Can NFKC turn valid UAX 31 identifiers into non-identifiers?
Richard Wordingham via Unicode
unicode at unicode.org
Wed Jun 6 22:08:51 CDT 2018
On Mon, 4 Jun 2018 12:49:20 -0700
Manish Goregaokar via Unicode <unicode at unicode.org> wrote:
> The Rust community is considering
> <https://github.com/rust-lang/rfcs/pull/2457> adding non-ascii
> identifiers, which follow UAX #31
> <http://www.unicode.org/reports/tr31/> (XID_Start XID_Continue*, with
> tweaks). The proposal also asks for identifiers to be treated as
> equivalent under NFKC.
> Are there any cases where this will lead to inconsistencies? I.e. can
> the NFKC of a valid UAX 31 ident be invalid UAX 31?
> (In general, are there other problems folks see with this proposal?)
Confusable checking may need to be reviewed. There are several cases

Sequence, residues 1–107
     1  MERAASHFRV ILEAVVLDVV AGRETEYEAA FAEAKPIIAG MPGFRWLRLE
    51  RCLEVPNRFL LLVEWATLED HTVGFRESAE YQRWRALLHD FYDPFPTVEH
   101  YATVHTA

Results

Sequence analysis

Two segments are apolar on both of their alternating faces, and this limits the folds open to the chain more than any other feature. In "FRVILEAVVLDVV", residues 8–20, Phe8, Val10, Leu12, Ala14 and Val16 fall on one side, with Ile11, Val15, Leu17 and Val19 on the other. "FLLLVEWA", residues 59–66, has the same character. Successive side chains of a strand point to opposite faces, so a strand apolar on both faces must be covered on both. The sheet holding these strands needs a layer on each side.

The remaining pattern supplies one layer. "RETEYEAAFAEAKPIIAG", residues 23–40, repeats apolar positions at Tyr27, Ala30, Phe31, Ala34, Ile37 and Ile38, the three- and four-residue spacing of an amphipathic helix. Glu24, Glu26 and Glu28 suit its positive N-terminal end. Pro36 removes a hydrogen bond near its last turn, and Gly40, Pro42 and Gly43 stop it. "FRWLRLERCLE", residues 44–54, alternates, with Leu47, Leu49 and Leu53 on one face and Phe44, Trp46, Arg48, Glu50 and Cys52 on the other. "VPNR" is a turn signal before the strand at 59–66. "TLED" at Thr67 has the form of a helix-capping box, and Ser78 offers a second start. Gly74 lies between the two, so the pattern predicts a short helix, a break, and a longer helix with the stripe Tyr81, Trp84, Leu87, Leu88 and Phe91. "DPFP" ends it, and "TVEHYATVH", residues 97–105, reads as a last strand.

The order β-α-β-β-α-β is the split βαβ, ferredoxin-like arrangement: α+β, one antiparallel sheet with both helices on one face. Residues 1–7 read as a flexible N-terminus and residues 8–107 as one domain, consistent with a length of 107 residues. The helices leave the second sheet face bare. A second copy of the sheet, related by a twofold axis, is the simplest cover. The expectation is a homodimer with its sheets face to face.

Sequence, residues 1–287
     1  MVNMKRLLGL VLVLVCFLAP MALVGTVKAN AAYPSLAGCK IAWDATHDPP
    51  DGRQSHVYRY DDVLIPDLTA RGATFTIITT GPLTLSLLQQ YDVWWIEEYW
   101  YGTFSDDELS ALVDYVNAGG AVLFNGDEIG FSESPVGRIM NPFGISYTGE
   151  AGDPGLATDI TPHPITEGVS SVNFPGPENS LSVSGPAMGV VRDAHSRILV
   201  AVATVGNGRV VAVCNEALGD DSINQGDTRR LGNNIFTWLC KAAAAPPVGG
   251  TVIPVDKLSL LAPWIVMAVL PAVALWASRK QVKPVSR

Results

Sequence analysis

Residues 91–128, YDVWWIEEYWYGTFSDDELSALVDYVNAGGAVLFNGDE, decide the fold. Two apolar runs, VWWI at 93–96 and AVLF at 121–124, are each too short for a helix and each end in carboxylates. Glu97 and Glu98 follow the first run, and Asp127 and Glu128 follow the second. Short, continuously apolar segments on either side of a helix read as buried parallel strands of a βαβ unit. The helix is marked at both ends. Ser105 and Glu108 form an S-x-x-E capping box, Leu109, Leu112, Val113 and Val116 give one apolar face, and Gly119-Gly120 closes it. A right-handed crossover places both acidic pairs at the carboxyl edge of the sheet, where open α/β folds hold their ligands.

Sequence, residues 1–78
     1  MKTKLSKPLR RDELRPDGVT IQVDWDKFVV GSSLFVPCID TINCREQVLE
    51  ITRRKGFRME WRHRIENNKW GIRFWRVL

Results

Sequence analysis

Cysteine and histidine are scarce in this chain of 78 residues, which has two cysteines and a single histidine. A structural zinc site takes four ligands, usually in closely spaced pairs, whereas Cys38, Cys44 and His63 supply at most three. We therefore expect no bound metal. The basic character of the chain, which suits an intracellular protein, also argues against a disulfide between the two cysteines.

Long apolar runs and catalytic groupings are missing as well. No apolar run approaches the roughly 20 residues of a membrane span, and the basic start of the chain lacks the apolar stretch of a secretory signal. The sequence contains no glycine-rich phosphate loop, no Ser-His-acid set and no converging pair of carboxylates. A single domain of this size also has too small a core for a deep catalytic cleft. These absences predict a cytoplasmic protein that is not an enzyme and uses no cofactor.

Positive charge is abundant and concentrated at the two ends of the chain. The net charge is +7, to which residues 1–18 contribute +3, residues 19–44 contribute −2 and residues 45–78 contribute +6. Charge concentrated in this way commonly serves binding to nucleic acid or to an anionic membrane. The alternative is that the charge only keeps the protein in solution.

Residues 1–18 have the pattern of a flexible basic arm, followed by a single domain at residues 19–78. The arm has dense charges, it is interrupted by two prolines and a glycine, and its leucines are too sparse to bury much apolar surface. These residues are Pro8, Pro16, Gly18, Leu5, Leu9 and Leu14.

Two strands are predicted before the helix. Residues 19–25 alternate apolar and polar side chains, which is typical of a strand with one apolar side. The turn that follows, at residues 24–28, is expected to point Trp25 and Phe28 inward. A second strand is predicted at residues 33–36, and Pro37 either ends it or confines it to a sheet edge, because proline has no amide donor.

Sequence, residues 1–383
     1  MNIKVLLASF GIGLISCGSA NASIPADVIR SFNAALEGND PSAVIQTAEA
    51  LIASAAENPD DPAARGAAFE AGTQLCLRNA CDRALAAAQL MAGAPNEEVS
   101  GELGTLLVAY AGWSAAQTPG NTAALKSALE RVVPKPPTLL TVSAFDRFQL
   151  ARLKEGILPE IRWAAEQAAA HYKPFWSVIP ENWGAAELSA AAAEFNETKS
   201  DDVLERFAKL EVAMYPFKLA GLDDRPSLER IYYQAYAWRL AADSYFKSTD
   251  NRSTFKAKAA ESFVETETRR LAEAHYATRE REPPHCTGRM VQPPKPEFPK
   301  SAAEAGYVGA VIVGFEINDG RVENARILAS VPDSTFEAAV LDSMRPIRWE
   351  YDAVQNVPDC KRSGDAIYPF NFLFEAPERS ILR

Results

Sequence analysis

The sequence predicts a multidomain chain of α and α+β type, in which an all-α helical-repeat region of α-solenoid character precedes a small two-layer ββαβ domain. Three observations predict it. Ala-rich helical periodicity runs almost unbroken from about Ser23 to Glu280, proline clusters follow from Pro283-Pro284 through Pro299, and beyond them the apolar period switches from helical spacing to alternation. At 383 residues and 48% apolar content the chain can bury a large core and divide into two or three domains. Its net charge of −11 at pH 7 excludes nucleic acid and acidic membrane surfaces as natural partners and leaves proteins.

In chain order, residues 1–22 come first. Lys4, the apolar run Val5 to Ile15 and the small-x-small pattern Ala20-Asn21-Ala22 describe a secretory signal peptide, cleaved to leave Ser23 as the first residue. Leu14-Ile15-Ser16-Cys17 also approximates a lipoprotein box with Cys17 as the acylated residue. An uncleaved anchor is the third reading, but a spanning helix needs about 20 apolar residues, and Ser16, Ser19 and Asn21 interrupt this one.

where, sometimes depending on the font, anagrams (differing
even after normalisation) can render the same. The examples I
know of are of from SE Asia. The categories I know of are:
a) Swapping subscript letters - a big issue in the Myanmar script, but
Sanskrit grv- and gvr- can easily be rendered the same. I don't know
how easily confusion arises by 'finger trouble'.
b) Vowel-subscript consonant and subscript consonant-vowel often look
the same in Khmer and Tai Tham. The former spelling was supposedly
dropped in Khmer a century ago (the consonant ceasing to be subscript),
but lingered on in a few words and is acknowledged by Unicode but not by
the Microsoft font developer's guide.
c) Unresolved grammar. In Thai minority languages, U+0E3A THAI
CHARACTER PHINTHU and a mark above (U+0E34 THAI CHARACTER SARA I, I
believe) can and do occur in either order, with no difference in
appearance or meaning.
The obvious humane solution is a brutal folding of the sequences.
(Using spell-checkers works wonders on normal text, but spell
checking code is tricky.)
I actually suggested a character (U+1A54 TAI THAM LETTER GREAT SA) so
that folding 'ses' to 'sse' would not result in the 'ss' conjunct being
used; the conjunct is not used in 'ses'.
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